Your toothpaste, deodorant, strawberries and plastic water bottles could be contributing to your thyroid dysfunction. These products and more contain chemicals known to disrupt endocrine function and contribute to thyroid disease. It is imperative to keep endocrine disruptors out of our homes and our bodies.
What is an endocrine disruptor?
The endocrine system is a group of organs linked by a chemical messaging feedback loop. Controlled by the hypothalamus in the brain, the main glands of the endocrine system are the thyroid, the adrenal glands, the ovaries and the testes. You can see from the illustration that there are other glands involved in the system as well. The hypothalamus keeps the system in balance by monitoring and controlling the release of hormones, the chemical messengers of the endocrine system. The glands release more or less of their individual hormones in response to instructions from the hypothalamus. Problems arise when chemical molecules that closely resemble hormones start circulating in the system, interfering with the delicate feedback loops that maintain optimal health. These are endocrine disruptors.
Chemicals to avoid
Some chemicals that impact the endocrine system and thyroid function are:
Triclosan – An ingredient that was banned from soaps and sanitizers in 2016, but still found in some cosmetic products. Studies have conclusively demonstrated that triclosan interferes with thyroid, estrogen and testosterone function in animals, and strongly suggest the same is true in humans. Here is an excerpt from an article from the American Thyroid Association website expressing concern about the danger of this chemical for everyone, especially pregnant women. “Triclosan is structurally similar to T4, and it is therefore possible that it can interfere with the function of T4 at one or more sites of the thyroid function pathways. Triclosan may potentially result in hypothyroidism in the person who has been directly exposed to it, but it can also potentially indirectly compromise neurodevelopment through placental transfer to the fetus.”
BPA – Found in plastic bottles and home food containers, the lining of food cans, and soft plastic toys. This excerpt from one study indicates multiple pathways of thyroid disruption, with special concern for exposure in the early years of life: “BPA may affect thyroid function through several possible mechanisms of action. First, the main mechanism of action is thought to be binding of BPA to TR and interference with thyroid hormone. However, this review also suggests that BPA can interfere with thyroid hormone synthesis, transport, and metabolism.”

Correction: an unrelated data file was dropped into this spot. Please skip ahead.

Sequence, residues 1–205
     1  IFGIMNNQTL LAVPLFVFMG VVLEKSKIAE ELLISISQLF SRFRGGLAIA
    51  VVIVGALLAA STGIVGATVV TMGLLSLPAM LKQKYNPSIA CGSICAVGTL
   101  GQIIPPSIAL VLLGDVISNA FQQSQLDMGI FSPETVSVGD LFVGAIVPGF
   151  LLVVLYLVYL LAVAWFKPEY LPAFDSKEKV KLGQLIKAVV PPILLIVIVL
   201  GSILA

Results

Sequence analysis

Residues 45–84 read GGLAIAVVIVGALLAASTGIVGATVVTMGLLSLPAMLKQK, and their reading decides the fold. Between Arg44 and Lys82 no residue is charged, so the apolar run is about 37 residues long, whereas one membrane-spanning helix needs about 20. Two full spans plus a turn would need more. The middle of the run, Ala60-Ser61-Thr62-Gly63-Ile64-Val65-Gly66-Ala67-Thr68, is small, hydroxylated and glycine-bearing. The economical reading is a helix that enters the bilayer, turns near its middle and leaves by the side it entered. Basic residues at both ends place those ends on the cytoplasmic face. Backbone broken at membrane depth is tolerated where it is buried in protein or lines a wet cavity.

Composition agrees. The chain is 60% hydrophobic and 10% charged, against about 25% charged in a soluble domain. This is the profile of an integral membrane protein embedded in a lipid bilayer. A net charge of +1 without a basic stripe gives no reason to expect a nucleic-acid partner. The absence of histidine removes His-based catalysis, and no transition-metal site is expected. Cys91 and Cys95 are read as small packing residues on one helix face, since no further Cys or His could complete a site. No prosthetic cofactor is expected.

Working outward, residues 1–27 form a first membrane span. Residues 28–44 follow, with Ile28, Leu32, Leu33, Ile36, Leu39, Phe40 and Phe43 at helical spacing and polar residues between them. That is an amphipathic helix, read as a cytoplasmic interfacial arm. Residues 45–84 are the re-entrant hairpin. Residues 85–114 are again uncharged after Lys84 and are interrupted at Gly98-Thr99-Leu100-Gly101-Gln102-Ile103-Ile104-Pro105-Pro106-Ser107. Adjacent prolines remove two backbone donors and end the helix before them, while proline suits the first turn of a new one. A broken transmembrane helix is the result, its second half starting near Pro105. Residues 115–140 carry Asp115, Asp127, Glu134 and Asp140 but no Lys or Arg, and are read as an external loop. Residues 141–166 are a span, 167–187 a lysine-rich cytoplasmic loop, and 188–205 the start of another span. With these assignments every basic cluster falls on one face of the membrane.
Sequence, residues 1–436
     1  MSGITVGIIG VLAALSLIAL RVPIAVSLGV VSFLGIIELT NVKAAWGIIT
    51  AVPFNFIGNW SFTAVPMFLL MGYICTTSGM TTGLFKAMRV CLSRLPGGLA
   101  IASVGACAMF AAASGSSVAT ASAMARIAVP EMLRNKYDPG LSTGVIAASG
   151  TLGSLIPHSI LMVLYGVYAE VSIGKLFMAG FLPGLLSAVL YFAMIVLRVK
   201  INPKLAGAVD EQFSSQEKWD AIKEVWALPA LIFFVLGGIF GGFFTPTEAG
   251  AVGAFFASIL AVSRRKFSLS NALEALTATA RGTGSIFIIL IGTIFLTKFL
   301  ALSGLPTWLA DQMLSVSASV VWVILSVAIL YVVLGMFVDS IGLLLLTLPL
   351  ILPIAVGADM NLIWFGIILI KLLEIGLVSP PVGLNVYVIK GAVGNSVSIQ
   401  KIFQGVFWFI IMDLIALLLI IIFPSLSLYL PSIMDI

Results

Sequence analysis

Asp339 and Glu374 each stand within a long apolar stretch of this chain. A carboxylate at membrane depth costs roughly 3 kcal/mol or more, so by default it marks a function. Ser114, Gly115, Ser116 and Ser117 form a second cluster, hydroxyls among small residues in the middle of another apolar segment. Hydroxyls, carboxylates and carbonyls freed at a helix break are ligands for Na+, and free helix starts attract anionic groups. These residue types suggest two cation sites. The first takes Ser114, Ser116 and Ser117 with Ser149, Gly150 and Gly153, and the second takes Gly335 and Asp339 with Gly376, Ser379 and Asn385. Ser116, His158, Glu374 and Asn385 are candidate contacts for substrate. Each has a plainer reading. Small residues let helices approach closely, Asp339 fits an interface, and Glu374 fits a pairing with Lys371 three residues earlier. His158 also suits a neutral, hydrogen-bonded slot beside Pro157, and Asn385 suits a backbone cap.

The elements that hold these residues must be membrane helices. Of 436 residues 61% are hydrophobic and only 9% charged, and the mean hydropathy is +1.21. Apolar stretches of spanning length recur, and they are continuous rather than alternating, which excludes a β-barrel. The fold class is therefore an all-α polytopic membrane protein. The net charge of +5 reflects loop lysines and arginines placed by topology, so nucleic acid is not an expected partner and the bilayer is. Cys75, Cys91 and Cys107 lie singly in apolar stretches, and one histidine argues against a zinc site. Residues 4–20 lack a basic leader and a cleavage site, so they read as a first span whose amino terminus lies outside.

Pesticides – Found in foods that have been sprayed with pesticides. Anything that is not certified organic has pesticides in it – unless you grew it yourself. There is concern that exposure to pollutants such as pesticides increases a person’s risk for thyroid disease, especially for women. An article in Scientific American states, “Researchers have begun to find links between increased risk of thyroid disease and exposure to certain chemicals, especially among women.” The chemicals they are referring to are pesticides, flame retardants, plastics and triclosan.
Flouride – Flouride is found in drinking water and toothpaste. Studies in Canada, the United Kingdom and Iran have shown that increased flouride intake through drinking water has been correlated with decreased thyroid function. This topic is highly controversial because of the positive effect of public water flouridation on dental caries. Is it possible that something can be helpful in one way and harmful in another? Here is an article on the topic from Izabella Wentz, PharmD.
How do I find out if my products are safe?
The Environmental Working Group (EWG) is an excellent resource and consumer guide. You can find lists of products that are safe and flagged as potentially not safe, articles about different chemicals, and you can donate to support their efforts for toxin-free consumables.
What do i do now?
I’ve linked my webinar on thyroid health and homeopathy, and a free handout with thyroid resources, if you’d like to learn more. In the meantime, support your thyroid by eating organic foods, using glass containers to store food, and by reading labels. Your dollars are powerful. Be discerning about what you choose to purchase and consume.